My first experience with the 17-year cicadas was in 1973, when I was 15. I recall them being around, and I remember going to a forest preserve in Des Plaines with my parents to hear them. When they came back in 1990, I never got around to looking for them and only saw a few around the neighborhood.
I determined this year that I'd get the full experience. I walked around Lake Geneva in Wisconsin on the day after they emerged, and there were nymphs and new adults all over the place. In places, the ground looked like Swiss cheese from all the holes they made.
When we got to the Botanic Gardens today, the sound was loud enough to hear inside the car over the radio and air conditioning. As we walked the gardens, we saw many adults buzzing about and hanging on trees and bushes. The noise was always in the background. At the end of our visit, we wandered into the path along the woods. That was the complete experience.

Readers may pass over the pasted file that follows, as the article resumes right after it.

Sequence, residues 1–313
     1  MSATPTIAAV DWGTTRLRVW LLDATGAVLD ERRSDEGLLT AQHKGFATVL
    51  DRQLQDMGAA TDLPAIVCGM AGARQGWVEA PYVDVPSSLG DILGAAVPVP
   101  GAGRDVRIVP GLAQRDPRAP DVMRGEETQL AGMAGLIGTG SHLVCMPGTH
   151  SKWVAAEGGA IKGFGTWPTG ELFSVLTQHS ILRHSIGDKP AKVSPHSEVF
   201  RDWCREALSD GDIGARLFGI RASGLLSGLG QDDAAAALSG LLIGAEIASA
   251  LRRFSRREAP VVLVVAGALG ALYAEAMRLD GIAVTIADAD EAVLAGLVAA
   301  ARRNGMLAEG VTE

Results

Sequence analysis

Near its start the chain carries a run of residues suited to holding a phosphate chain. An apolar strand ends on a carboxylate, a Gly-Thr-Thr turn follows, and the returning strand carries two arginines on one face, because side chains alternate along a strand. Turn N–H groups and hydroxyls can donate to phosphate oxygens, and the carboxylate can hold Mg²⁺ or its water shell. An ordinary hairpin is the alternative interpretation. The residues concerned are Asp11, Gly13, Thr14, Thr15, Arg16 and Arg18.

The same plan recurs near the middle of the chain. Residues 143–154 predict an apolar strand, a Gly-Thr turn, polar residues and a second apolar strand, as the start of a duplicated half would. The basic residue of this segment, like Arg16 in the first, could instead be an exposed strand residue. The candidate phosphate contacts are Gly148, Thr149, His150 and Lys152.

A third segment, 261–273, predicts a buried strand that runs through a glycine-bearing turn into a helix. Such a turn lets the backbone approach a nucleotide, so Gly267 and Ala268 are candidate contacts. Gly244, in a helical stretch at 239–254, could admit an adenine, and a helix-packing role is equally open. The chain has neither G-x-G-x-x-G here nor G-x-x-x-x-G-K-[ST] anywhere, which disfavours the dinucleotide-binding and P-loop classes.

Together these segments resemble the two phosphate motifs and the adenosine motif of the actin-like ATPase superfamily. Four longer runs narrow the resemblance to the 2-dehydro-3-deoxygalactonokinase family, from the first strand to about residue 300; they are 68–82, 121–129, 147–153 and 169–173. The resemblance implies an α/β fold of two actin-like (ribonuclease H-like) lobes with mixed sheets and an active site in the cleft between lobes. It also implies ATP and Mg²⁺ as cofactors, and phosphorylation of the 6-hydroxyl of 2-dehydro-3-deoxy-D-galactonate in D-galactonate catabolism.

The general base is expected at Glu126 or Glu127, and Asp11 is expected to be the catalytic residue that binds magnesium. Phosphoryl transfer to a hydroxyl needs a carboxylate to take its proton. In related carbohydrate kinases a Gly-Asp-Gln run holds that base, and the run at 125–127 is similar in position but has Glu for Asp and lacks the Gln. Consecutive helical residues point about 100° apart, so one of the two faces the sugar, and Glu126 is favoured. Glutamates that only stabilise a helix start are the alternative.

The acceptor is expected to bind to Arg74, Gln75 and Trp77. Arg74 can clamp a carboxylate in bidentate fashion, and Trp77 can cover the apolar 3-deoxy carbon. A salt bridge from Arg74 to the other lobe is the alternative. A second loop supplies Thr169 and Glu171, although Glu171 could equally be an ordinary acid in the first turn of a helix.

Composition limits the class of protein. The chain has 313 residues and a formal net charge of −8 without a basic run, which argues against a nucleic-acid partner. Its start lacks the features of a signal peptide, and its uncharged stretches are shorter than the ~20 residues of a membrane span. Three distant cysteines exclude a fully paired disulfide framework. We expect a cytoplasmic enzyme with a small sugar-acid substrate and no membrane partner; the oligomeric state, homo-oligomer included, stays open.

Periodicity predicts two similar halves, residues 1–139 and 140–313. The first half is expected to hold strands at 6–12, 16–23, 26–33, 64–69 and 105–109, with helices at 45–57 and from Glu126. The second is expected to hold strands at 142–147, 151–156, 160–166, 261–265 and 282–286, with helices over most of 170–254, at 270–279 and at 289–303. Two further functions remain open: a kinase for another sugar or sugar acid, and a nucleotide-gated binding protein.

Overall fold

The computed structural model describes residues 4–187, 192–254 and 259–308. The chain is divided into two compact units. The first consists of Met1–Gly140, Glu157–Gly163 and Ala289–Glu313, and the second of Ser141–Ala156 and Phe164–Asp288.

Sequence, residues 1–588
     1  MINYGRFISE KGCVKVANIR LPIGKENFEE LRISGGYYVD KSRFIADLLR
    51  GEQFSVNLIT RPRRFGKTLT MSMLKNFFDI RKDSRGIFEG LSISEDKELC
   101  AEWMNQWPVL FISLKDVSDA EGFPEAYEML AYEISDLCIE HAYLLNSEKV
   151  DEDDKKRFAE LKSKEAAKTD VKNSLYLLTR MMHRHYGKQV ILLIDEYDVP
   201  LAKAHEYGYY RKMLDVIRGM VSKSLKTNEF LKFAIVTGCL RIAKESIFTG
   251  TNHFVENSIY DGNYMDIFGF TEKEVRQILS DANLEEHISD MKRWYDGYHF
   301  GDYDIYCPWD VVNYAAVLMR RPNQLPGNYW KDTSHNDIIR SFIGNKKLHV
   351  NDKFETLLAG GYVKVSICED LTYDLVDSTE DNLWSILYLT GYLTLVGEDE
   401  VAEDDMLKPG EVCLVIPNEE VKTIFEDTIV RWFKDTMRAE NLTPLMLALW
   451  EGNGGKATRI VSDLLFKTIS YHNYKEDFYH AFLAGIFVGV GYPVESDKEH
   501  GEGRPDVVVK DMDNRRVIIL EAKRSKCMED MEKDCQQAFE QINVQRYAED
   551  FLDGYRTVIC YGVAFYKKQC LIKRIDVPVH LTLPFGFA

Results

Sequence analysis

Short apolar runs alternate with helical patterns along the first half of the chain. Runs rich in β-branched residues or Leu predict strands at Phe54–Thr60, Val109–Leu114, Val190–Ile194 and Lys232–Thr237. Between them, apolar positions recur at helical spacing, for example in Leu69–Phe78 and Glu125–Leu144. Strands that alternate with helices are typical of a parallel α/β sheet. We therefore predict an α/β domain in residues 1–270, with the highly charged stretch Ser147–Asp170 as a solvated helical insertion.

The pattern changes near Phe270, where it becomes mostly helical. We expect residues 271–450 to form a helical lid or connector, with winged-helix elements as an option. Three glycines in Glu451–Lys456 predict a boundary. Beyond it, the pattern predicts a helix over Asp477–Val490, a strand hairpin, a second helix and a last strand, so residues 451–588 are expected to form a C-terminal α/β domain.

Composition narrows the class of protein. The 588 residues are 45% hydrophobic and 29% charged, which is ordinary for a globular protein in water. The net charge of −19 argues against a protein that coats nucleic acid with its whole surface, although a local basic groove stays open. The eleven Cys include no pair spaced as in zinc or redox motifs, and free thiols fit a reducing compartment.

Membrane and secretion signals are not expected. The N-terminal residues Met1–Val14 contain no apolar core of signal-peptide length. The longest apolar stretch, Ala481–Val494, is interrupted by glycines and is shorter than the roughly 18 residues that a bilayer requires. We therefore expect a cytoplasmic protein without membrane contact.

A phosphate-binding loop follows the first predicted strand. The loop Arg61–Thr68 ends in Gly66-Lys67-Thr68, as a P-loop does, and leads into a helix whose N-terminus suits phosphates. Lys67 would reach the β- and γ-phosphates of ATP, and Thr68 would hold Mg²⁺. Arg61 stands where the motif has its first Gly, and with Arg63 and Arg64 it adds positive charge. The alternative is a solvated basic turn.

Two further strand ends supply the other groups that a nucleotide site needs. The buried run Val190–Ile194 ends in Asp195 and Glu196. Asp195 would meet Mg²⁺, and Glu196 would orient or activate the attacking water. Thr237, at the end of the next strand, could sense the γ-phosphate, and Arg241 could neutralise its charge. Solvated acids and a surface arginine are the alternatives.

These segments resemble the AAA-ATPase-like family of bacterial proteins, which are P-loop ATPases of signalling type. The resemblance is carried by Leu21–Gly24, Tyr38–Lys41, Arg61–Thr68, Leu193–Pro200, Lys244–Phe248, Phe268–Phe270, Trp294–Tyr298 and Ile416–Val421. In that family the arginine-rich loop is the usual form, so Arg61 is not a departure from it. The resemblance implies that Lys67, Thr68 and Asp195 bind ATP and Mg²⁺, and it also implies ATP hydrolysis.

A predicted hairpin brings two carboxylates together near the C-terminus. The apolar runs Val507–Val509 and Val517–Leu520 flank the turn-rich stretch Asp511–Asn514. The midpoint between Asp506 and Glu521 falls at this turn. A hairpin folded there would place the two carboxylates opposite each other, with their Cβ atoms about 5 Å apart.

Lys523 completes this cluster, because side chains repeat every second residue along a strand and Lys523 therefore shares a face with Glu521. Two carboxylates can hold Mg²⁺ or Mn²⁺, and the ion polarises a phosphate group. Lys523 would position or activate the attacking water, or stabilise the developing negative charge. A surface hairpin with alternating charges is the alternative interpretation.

The Cicadas were everywhere, on trees, flying, on the ground. Empty nymph shells were hanging on tree trunks and the undersides of branches. There are (or so I've heard) three species, all identical in looks and all on the same 17-year cycle. They can only be told apart by their sound. We could easily detect two of them, and I think I heard the third a couple of times. We saw thousands of cicadas, and even gathered a few shells to bring home. We were sated with the experience, but it was hard for me to tear myself away — after all, I won't have another chance to see them until I'm 66!
Worth Seeing? The noise, the holes, the dry shells, the low-flying adults. It's fascinating.
Worth Going To See? Very much so. And you only have four or five chances in a lifetime.